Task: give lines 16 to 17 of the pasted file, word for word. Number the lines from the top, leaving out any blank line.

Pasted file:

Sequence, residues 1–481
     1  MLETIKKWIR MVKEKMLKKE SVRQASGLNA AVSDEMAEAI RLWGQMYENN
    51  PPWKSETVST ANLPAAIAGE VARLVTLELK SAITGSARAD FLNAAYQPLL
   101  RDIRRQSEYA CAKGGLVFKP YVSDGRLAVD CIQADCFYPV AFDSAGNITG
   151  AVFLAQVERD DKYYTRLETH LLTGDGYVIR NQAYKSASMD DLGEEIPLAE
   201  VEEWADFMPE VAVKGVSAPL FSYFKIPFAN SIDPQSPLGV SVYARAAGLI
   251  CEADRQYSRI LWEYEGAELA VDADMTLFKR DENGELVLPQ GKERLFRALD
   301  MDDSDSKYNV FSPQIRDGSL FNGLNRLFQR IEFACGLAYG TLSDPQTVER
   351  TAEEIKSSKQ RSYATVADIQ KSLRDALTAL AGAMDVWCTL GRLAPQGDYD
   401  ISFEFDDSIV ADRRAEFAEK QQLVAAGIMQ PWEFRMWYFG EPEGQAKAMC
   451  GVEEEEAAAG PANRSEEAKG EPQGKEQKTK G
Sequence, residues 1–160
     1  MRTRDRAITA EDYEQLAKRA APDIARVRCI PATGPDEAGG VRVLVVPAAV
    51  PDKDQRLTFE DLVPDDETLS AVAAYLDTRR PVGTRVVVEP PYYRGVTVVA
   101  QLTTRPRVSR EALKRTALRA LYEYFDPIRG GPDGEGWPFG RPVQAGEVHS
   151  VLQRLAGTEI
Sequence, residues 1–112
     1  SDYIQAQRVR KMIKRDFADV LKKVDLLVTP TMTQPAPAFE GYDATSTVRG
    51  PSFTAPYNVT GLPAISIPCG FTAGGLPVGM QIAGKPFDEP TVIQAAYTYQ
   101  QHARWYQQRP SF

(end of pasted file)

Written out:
   151  VLQRLAGTEI
Sequence, residues 1–112